Football finances are in a dire state and a Premier League club nearly went to the wall this week, and may yet do so in the coming days. Blame has been attributed to the foreign owners, seeking to take advantage of our beautiful game yet surely it is time to invert our criticism and look to the stewards of the game, the Football Association and the Premier League itself.
Each club is owned and run autonomously but the FA maintains a responsibility to protect and maintain the game in this country. This responsibility spreads from appointing Fabio Capello down to improving the standards of pitches at the grass level. Every facet of the game is supposed to be protected and managed by the FA, and as such there must be some culpability when mistakes are made.
Portsmouth FC have plummeted from FA Cup winners to the High Court in just 18 months and their plight raises serious issues about the health of the game in this country. On the very same day both Cardiff and Southend were also in court pleading for leniency from HM Revenue & Customs. How can such a situation of been allowed to develop, given the riches in the game. There are a myriad of answers and reasons but all of them have festered and grown under the stewardship of the FA. An obsession with money and success has allowed inappropriate and irresponsible ownership of clubs, inadequate distribution of football finances, a lack of financial security and poor support of clubs in trouble.
We live in a capitalist country where money and success go hand in hand. Unsuccessful or poorly managed companies will and do go bankrupt, and this plight can never be avoided. Football as an industry however is causing its own problems and this is why the FA must take some criticism. Incredible sums of money are involved in the elite level of football in this country. The Premier League is the richest league in the world and it attracts hundreds of millions of loyal fans. Yet this money is not distributed evenly amongst the tiers of football in this country, which supply and generate the success of the elite. Although Portsmouth are a high profile example there have been many clubs that have entered administration in recent seasons and financial ruin looms over many more. The FA have to find a way to protect clubs and this must begin with a greater distribution of wealth from the top teir down through the levels of professional football.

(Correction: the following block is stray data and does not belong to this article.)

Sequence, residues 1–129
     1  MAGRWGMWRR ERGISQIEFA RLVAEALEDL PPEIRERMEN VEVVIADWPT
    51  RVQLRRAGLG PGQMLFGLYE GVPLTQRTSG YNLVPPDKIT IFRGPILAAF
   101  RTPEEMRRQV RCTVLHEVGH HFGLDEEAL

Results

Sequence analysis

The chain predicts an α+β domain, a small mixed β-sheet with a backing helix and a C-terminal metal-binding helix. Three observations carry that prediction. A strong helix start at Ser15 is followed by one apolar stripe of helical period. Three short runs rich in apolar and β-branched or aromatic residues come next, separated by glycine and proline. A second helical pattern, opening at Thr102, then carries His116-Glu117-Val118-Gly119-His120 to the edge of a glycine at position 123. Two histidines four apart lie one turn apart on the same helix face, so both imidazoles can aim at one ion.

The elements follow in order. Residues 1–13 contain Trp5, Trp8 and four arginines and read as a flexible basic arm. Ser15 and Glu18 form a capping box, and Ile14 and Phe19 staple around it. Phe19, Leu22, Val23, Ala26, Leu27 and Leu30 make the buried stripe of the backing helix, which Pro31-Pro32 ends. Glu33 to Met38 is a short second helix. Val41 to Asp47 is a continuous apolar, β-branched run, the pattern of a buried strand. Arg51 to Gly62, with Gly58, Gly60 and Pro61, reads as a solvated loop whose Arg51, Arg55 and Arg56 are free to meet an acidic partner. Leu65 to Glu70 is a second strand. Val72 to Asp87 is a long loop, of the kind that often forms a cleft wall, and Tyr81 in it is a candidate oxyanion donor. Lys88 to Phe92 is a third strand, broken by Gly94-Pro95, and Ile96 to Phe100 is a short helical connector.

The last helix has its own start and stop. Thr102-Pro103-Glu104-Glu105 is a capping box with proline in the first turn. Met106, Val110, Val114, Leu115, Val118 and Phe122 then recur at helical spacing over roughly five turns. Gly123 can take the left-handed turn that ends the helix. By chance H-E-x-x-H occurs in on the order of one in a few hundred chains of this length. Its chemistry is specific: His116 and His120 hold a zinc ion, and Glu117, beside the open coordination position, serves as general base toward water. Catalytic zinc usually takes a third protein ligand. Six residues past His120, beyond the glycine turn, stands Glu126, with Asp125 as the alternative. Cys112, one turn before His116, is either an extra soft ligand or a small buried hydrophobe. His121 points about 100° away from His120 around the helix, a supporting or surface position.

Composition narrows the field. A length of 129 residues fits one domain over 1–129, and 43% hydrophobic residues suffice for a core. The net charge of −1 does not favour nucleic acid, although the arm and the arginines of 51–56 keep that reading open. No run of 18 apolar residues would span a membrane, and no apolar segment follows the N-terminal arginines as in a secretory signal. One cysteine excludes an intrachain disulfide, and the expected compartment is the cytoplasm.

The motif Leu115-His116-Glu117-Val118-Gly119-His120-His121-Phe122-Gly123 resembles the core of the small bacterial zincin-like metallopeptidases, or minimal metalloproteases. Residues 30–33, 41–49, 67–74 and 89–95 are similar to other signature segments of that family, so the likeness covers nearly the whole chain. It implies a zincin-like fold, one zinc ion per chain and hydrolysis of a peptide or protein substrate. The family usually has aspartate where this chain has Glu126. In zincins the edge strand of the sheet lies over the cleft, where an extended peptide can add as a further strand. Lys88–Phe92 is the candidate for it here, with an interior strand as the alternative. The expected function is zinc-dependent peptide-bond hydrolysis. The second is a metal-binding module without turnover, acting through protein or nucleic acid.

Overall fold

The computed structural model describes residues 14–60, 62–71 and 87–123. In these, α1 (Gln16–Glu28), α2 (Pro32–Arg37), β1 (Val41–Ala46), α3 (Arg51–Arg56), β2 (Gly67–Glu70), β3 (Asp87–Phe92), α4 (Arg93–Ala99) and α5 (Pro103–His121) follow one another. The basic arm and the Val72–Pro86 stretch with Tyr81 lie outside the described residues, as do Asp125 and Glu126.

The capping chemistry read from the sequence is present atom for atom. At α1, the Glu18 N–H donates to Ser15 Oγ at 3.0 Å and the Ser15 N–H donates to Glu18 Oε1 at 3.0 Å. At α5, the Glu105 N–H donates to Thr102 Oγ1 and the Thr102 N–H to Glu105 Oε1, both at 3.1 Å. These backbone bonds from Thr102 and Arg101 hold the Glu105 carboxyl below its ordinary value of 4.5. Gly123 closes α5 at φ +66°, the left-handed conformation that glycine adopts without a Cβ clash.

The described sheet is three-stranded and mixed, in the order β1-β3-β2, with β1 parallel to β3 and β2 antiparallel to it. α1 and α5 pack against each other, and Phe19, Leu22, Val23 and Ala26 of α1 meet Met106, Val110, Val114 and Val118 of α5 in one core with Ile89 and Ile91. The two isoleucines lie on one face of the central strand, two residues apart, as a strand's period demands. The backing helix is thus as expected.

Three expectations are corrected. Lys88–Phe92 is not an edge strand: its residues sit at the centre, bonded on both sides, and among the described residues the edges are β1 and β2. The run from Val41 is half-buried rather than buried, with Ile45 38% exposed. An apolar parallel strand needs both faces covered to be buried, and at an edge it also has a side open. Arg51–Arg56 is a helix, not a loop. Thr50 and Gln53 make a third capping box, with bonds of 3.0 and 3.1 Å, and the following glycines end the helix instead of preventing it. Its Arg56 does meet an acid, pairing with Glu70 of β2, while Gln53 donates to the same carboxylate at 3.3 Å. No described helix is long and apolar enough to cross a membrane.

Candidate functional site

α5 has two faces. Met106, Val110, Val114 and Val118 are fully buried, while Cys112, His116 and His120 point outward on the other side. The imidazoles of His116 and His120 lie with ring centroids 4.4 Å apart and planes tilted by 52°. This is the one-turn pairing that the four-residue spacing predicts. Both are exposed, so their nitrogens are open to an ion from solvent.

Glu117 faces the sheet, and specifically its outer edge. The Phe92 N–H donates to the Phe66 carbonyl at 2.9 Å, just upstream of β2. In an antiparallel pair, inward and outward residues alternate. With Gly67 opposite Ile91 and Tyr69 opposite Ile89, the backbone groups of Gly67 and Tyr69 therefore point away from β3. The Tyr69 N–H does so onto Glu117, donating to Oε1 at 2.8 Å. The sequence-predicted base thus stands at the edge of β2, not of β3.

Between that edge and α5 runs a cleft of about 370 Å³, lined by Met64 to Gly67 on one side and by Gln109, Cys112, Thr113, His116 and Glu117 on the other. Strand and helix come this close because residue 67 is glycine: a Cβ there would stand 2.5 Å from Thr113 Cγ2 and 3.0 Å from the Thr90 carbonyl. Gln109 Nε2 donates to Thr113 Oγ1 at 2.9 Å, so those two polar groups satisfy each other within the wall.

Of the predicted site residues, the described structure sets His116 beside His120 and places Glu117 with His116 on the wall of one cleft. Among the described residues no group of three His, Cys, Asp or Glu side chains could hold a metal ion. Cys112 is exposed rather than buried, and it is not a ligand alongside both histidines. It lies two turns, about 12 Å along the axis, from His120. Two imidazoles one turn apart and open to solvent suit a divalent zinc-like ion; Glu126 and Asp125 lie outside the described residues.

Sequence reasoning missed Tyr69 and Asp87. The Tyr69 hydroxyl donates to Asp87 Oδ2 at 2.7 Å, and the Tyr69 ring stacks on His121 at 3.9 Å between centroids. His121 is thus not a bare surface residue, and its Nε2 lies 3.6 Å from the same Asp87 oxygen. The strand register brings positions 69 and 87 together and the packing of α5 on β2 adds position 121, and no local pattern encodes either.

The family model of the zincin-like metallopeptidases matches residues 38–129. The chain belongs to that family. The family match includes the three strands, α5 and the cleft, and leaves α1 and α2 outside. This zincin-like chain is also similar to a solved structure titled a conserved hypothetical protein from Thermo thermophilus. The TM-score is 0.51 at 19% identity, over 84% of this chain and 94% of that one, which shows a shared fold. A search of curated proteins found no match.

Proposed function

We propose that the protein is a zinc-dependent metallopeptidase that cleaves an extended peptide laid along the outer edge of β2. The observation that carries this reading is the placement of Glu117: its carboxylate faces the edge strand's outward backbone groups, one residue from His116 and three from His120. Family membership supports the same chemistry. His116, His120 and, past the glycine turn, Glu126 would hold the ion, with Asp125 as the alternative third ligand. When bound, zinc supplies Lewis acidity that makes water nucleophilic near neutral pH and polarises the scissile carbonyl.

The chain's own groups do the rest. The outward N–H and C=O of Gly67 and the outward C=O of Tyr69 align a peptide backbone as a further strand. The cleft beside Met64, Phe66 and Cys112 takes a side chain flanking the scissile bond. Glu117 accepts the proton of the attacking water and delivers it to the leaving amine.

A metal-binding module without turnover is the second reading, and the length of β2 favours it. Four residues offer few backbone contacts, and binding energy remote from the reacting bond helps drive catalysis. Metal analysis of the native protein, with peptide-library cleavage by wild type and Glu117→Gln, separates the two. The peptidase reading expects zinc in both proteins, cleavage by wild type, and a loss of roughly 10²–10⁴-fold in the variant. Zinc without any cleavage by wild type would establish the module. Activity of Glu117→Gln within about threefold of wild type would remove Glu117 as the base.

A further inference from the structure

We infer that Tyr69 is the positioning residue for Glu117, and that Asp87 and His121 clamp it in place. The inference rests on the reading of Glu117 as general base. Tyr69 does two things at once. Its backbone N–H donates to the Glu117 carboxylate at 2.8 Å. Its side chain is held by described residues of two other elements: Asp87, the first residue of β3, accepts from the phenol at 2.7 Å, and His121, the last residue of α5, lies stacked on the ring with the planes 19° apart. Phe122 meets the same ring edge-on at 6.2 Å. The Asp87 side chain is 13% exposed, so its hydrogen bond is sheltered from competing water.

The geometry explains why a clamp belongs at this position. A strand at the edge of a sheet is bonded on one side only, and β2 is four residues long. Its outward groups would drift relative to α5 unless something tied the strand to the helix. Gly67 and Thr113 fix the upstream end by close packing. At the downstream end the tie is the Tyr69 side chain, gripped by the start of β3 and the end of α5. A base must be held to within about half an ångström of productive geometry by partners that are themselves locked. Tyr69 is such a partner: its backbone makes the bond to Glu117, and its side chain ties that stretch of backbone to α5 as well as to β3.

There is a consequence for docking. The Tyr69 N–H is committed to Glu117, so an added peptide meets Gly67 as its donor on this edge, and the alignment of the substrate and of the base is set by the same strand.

The other main issue that the FA have to take criticism for is that of ownership. In the past decade a phenomenon has ensued with wealthy foreign businessmen buying Premier league clubs with the intention of making money. Despite some claims to the contrary most of these men are not fans of the club and instead see a play thing for their spare time. Roman Abramovich pumped hundreds of millions into making Chelsea league champions, and managerial instability inevitably ensued. The fact that the Abramovich ownership is now in fact a model of responsible foreign ownership is incredibly worrying for football fans across the country. Manchester City are currently playing a form of fantasy football, with endless sums of cash. Manchester Untied are in huge debt despite claiming to be the biggest club in the world and Liverpool are desperate for new investment to pay back the banks.